To the uninitiated there is hardly anything new in the 'new' Accord that witnessed a soft launch earlier this month. The car still has the same engines powering it, a frugal 2.4 litre petrol and a more extravagant 3.6 litre V6 for the enthusiasts. It also looks like the same old vintage Accord. The difference is that with competition heating up in the segment courtesy Maruti Kizashi, Honda decided to re-draw some attention to its flagship brand by equipping its proven performer with more features. Does it make it more immune to competition? We find out.
As in the past, the Accord looks the most stately in its class. It remains the longest and widest in its segment and looks every bit like one. Infact due to its muscular styling, it looks much longer that it actually is. In comparison, the Superb and Kizashi appear more compact. Among the new features that have been added are chrome accentuated front grille, rear chrome garnish and a new bumper.
Considering that a high end mid-size car is often chauffeur driven, the Accord offers great comfort and a feel of luxury to passengers at the rear. That is not to say that it is any less comfortable in the front, but rear seat luxury is where it scores over its contemporaries. Quality of plastic and upholstery and fit and finish is top notch. The new Accord gets sunroof as standard across the range, a feature not available in the Kizashi. It also gets steering mounted cruise control but strangely, Honda has chosen not to add audio controls on the steering wheel, a feature now considered standard in less expensive cars. It does have audio controls at the rear though, proving once again the intention to pamper the owner.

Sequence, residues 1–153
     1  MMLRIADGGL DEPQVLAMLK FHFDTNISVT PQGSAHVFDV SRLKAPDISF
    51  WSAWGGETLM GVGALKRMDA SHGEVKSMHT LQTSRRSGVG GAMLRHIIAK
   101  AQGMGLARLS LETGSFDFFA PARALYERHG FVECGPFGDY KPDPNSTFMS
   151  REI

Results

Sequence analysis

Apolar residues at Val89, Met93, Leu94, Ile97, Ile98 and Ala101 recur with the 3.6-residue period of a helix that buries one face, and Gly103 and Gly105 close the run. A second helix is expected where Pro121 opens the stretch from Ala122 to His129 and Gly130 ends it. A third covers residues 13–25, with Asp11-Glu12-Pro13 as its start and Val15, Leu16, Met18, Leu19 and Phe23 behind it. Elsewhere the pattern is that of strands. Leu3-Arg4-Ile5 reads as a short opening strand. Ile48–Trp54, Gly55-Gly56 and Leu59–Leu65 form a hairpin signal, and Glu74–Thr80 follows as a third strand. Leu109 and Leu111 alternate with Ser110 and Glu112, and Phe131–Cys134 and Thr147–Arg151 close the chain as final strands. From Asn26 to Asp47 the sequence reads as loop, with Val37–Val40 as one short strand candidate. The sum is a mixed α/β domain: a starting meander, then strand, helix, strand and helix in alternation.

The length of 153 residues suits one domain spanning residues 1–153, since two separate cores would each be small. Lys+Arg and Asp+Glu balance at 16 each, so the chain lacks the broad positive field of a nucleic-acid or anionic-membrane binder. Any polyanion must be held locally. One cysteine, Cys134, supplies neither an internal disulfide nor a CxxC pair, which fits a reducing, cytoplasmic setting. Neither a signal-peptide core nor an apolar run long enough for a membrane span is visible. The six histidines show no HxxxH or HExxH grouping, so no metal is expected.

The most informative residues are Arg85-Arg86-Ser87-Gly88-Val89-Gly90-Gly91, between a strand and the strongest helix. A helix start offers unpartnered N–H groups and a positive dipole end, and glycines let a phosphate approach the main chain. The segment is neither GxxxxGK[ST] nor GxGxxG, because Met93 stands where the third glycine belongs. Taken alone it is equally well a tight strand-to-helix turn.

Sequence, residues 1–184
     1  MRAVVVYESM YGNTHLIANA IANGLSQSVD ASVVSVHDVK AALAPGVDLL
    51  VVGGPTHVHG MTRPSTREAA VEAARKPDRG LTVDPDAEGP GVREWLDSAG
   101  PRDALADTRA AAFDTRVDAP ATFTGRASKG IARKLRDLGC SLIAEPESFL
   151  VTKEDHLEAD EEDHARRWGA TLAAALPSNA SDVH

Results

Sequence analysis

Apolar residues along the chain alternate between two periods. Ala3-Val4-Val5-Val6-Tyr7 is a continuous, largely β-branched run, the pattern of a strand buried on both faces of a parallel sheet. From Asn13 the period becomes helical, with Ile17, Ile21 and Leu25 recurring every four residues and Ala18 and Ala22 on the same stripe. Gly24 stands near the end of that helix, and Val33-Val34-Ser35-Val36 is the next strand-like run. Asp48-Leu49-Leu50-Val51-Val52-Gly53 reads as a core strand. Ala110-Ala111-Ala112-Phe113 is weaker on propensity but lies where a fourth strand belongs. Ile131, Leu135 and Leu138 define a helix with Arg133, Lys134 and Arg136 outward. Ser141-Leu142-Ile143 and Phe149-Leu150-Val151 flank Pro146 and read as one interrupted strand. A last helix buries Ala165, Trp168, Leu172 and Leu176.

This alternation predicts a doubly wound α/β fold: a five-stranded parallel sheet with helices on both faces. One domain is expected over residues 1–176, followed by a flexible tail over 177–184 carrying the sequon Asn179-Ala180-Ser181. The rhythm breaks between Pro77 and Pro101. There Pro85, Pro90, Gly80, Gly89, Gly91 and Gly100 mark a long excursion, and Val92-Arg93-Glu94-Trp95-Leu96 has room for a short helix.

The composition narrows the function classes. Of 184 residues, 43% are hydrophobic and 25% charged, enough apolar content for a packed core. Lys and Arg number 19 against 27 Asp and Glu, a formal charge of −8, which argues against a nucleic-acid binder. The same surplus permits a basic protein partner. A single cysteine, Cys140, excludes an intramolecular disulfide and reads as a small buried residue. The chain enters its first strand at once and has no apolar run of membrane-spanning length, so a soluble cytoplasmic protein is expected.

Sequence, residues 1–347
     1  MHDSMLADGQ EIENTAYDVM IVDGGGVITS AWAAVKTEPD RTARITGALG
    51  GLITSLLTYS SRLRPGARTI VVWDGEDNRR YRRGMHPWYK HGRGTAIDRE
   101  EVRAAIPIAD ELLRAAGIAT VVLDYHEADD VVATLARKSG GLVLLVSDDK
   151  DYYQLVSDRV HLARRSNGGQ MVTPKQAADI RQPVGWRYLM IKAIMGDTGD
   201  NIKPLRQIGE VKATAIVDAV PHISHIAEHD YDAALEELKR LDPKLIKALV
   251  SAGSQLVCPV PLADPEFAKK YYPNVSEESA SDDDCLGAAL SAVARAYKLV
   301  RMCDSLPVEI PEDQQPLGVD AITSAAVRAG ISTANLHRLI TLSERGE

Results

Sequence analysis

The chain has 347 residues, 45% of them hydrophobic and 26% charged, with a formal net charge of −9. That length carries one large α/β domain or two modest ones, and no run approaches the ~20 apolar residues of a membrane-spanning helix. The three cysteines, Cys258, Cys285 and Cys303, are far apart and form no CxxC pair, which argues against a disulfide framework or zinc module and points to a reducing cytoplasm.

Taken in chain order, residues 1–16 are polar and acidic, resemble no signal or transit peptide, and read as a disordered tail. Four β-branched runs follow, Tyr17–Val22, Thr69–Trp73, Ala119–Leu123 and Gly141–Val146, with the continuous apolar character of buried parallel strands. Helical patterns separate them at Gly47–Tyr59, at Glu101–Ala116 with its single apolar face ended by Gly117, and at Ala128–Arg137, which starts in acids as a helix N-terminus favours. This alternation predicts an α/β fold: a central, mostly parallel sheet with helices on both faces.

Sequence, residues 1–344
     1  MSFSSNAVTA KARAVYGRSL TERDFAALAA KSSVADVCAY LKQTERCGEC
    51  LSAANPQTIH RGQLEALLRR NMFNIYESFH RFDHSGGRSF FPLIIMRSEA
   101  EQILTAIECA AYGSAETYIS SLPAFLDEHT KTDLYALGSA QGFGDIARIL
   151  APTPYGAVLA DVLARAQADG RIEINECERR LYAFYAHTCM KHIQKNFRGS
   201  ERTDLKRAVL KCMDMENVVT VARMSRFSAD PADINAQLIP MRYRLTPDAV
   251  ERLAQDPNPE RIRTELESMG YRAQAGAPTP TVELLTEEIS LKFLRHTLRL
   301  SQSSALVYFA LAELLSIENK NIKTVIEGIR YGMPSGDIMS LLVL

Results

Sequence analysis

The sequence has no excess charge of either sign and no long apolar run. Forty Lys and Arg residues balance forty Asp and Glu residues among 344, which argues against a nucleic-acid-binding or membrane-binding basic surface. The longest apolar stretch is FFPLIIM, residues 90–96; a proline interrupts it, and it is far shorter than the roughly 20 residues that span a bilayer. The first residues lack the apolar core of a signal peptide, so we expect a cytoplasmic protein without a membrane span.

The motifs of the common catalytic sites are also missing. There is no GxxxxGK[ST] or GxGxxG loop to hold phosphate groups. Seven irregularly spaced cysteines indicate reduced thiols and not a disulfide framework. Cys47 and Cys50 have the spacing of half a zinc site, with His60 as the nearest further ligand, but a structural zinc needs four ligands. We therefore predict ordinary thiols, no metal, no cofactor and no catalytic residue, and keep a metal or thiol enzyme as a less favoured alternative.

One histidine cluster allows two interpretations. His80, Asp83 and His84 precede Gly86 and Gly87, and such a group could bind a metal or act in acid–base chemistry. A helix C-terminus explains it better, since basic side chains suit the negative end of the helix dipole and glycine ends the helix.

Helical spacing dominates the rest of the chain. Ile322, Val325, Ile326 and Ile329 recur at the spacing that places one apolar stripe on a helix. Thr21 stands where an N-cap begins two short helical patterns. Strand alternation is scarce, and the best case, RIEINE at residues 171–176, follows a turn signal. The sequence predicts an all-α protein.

Drive and handling
Though the rear is more luxurious than the front, on occasions where one may wish to take the wheel at hand, the Accord comes across as a very capable tourer. Despite the weight and the size, the car is thrifty and quick to get off the blocks. Steering is responsive and light that does not make one feel it is actually a big car. On the flip side though, the relatively longer wheelbase and low ground clearance is not quite suited to Indian road conditions.
Traditionally, Honda has set the benchmark in affordable luxury segments in India. Be it the City, Civic or Accord, the worth of every new competitor is measured against a Honda. In the last few years though, competitors have somewhat crept up the ladder at times exploiting Honda's weakness in not having diesel engines or its lack of features and equipment. Czech-carmaker Skoda has exploited these weaknesses to the hilt and it with Kizashi coming in, it was time Honda hit back. The new Accord still does not get a diesel but it is atleast at par as far as features is concerned. For everything else it remains the benchmark for a petrol car.